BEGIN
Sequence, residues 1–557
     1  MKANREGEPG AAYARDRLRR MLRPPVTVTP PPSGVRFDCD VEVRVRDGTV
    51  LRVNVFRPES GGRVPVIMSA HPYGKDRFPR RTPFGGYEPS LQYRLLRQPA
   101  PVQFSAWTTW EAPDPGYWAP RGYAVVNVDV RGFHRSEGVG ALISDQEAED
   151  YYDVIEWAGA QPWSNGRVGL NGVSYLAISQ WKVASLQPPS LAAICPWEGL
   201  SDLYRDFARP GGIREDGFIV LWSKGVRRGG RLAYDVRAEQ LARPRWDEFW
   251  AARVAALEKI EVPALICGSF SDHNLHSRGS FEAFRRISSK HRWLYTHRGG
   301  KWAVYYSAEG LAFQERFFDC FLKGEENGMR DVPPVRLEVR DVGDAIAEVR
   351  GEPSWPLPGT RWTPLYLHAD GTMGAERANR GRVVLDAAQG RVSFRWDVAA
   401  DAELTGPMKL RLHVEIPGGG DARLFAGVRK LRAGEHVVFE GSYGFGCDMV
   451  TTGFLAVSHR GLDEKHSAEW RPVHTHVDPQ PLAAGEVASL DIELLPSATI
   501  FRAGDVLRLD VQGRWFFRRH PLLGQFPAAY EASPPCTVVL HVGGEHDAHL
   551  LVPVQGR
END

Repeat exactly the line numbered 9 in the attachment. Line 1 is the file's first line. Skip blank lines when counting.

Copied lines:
   351  GEPSWPLPGT RWTPLYLHAD GTMGAERANR GRVVLDAAQG RVSFRWDVAA